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IET YWE award celebrates young women in engineering

IET YWE award celebrates young women in engineering

 June 08, 2018

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Every year the Institute of Engineering and Technology (IET) hosts the prestigious Young Woman Engineer (YWE) of the Year awards to celebrate the remarkable achievements of young women in the engineering profession.  

Open to female early career professionals (18-35) the awards seek out the very best and brightest. Now in its 40th year, this inspirational set of awards shines a spotlight on the young women that are breaking barriers and changing perceptions of what it's like to work as a female in the engineering sector.

The awards are broken down into three main categories:

Applications are encouraged from young women from every walk of the engineering sector.

Portrait of an Engineer

Do you think you know what an engineer looks like? That’s the question being raised by the IET as part of this year’s #PortraitOfAnEngineer campaign. To dispel the engrained ideas of what a typical engineer ‘looks like’, the IET is showcasing engineering in a completely different light, by dramatically highlighting the diverse career opportunities available in the industry through stunning and unexpected imagery.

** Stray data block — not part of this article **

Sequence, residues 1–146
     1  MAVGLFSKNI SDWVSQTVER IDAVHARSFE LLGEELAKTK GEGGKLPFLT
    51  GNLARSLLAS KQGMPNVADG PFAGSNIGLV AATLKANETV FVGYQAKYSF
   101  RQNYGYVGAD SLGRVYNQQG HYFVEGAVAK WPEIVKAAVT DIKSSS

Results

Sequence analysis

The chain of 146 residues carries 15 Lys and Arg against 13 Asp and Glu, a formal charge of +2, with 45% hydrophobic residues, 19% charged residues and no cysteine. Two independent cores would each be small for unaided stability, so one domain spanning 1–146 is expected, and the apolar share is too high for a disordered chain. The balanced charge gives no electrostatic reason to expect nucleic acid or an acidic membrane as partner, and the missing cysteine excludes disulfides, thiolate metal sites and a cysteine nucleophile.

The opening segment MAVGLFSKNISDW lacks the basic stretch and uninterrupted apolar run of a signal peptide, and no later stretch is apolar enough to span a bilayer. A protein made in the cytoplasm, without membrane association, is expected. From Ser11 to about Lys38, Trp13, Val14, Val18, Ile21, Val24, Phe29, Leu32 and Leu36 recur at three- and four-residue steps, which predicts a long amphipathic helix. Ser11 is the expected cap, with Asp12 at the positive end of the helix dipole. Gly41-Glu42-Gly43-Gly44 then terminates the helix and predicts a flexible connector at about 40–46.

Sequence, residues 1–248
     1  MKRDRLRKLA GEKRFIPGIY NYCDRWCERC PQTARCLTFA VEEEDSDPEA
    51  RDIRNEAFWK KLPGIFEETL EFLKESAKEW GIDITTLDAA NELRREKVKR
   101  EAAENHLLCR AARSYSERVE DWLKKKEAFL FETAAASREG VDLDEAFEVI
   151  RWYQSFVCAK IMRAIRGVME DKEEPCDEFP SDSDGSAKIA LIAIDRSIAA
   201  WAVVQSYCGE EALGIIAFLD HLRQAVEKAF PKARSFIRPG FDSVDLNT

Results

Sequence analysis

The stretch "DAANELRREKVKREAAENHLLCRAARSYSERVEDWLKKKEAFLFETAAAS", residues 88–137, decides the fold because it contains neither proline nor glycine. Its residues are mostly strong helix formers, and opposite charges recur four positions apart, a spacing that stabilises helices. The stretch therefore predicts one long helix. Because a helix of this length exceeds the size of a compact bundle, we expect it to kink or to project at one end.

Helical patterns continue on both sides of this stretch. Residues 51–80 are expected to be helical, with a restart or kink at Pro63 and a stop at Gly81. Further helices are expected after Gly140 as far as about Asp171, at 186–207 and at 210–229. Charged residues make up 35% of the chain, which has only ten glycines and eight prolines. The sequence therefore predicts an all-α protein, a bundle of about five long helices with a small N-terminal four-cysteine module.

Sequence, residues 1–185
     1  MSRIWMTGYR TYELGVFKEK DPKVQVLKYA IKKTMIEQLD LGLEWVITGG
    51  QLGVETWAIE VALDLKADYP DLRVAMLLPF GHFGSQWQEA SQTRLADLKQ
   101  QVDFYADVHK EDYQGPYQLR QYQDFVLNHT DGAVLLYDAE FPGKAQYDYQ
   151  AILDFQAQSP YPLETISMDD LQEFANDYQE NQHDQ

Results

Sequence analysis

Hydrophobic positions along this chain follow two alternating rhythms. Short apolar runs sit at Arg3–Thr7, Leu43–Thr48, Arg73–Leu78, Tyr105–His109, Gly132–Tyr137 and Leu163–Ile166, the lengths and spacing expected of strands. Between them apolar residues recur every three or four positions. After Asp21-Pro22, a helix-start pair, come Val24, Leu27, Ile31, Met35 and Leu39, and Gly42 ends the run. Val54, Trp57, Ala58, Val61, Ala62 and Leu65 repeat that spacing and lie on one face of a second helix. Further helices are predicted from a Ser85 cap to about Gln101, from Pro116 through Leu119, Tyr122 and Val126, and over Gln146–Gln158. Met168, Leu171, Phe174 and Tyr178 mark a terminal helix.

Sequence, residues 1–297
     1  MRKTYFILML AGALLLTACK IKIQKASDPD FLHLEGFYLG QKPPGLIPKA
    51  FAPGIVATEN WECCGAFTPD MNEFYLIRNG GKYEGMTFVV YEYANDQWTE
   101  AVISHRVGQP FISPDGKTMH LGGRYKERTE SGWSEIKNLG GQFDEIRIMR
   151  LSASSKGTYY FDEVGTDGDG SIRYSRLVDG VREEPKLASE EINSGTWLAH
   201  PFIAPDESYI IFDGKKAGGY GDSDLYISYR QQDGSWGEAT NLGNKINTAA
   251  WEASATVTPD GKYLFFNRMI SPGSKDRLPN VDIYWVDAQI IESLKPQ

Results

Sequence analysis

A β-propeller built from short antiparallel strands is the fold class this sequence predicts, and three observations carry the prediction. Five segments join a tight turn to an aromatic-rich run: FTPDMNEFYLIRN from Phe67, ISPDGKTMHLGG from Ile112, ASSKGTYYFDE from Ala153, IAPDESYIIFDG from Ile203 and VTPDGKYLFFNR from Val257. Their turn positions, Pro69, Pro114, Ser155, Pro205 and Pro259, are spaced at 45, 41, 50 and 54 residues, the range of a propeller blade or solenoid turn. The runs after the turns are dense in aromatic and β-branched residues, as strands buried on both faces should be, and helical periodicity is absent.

The photographs feature winners and finalists from the 2017 IET YWE awards, including:

  • Dr Ozak Esu, Electrical Engineer - The Young Woman Engineer of the Year Award Winner

  • Larissa Suzuki, Chief Technology Officer - The WES Prize Winner

  • Jamie D'Ath, Mechanical Engineering Apprentice - The Mary George Memorial Prize for Apprentices Winner

Join impressive young women engineers like Sophie

Sophie Caffrey has always loved understanding things; looking at something and knowing how it works. Before her engineering education, Sophie had preconceptions of what it was like to be an engineer. Now, she works as a chartered engineer in Applied Research for Leonardo in the UK and makes big contributions to their projects. Sophie says that “going to work in such a beautiful building every day, makes me feel like a spy.”

Sophie comments that young girls often dismiss a career in engineering by the age of 14, “because they think they won’t be good at it.”

“But you don't need to be an A-star student,” says Sophie. “Engineering is about solving problems, and finding new ways of doing things.”

Each year you can enter the prestigious IET Young Woman Engineer of Year Award - so always watch out for entry deadlines.

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